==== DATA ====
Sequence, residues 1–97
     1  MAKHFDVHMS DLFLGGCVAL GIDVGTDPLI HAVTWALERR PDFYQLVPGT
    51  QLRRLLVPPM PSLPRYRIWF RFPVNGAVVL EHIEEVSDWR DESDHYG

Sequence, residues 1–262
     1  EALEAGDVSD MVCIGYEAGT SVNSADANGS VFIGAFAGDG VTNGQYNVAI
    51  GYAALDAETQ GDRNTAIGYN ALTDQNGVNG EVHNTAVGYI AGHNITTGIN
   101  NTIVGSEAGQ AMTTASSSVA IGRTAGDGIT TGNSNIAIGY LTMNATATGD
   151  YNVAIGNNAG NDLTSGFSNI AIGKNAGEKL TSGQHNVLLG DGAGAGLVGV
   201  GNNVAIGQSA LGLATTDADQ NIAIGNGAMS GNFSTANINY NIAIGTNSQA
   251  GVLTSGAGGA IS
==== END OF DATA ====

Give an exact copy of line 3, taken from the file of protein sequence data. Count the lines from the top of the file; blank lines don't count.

    51  QLRRLLVPPM PSLPRYRIWF RFPVNGAVVL EHIEEVSDWR DESDHYG